Carmeli's parents moved to Israel, where Sean finished high school, and when the couple returned to Texas, the young man stayed behind, said Hecht.
Eitan Moed, an 18-year-old who moved from the U.S. to Israel, told Israel's Haaretz newspaper that the two played American football together while they attended high school.
"He was a kid who always smiled and he just came off as a happy sort of person," Moed told the newspaper.
While the Carmelis and Steinbergs mourn, some other American Jews try their best to check in with relatives who are in Israel.
Jeff Knishkowy, a lawyer in Chevy Chase, Maryland, has several family members to worry about.
His brother and sister-in-law live in Israel, as do his three nieces and a nephew who are members of the Israel Defense Forces.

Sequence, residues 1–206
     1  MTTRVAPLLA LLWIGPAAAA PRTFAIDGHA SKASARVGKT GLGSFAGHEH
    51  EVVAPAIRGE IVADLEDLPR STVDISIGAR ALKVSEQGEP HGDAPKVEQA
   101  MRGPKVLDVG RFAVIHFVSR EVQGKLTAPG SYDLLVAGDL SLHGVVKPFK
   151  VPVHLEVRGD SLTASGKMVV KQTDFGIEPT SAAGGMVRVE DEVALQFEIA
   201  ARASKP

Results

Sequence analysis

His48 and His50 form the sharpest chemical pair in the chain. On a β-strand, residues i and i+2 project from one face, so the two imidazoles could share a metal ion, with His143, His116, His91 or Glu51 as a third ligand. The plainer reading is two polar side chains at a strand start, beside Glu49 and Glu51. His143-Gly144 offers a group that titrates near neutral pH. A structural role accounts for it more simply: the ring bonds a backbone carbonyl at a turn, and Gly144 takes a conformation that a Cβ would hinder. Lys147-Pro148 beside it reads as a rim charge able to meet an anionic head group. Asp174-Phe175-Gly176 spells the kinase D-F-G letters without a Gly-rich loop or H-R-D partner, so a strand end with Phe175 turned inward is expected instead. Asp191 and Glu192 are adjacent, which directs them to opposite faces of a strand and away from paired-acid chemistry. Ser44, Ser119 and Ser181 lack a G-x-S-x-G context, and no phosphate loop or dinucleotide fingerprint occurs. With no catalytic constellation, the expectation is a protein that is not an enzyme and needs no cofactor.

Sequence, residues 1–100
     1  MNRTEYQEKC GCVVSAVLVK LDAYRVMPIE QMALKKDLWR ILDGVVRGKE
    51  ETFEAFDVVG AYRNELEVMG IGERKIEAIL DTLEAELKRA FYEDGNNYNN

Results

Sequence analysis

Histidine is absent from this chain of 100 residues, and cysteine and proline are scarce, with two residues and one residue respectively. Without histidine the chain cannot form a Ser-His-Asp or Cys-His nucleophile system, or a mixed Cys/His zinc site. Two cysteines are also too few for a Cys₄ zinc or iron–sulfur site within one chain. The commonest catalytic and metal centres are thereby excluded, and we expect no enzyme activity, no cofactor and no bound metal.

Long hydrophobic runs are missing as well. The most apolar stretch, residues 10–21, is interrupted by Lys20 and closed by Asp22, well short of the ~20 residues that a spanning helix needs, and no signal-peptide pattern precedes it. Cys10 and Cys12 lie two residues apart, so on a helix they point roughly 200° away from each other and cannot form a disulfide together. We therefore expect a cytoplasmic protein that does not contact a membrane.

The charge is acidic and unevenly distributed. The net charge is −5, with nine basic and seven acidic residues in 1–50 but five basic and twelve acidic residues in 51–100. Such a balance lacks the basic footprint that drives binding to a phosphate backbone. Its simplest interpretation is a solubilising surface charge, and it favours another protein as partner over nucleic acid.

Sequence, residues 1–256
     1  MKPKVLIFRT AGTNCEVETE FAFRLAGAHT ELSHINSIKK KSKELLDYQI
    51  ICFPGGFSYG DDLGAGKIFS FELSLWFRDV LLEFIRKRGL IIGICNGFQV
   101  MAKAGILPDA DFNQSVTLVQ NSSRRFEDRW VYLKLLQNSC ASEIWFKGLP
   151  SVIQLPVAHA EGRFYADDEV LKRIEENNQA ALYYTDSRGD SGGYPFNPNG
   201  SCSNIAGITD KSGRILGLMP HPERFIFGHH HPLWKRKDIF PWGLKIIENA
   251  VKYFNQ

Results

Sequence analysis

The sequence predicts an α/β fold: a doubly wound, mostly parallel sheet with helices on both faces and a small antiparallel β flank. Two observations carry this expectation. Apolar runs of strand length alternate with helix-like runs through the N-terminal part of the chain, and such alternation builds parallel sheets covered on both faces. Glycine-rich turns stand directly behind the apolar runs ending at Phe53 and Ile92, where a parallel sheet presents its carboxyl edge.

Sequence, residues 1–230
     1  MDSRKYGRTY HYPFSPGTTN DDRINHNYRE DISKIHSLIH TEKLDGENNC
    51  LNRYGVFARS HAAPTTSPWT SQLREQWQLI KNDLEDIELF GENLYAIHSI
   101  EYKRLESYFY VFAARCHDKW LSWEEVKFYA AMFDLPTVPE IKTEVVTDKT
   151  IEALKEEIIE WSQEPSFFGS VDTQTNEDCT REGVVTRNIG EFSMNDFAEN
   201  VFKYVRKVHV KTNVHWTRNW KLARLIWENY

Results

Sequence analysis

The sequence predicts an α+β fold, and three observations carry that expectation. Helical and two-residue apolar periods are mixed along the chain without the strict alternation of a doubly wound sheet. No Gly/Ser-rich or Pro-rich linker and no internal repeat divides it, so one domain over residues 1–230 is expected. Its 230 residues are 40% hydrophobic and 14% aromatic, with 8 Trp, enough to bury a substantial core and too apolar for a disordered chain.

"I talk to my brother more regularly than I normally do," he said.
He trusts that the Israeli government knows what it's doing. What else can he do from so far away?
Knishkowy constantly checks news apps on his phone for English-language outlets such as Haaretz and the The Jerusalem Post.
He tries to keep his sons, ages 10 and 12, away from most of the graphic content of stories.
"We all want the violence to end," he said. "We all do."
A Palestinian-American trying to find the funny
Comedian Aron Kader's father is Palestinian. His mother is Mormon. The Los Angeles-based performer likes to mention that during his shows. It sounds like the beginning of a joke.
As much as he cringes at the lameness of the "Can't we all just get along?" mantra, his jokes stand on that philosophy, he said. And he believes it, even after the brutality wrought on members of his extended family this summer.
One of his distant cousins is Mohammed Abu Khedair.
The 16-year-old was hit on the head with a blunt object and burned alive, according to Palestinian General Prosecutor Mohammed al-Auwewy, citing a medical autopsy. Several Israeli Jewish suspects have been arrested in connection with the slaying, Israeli police said.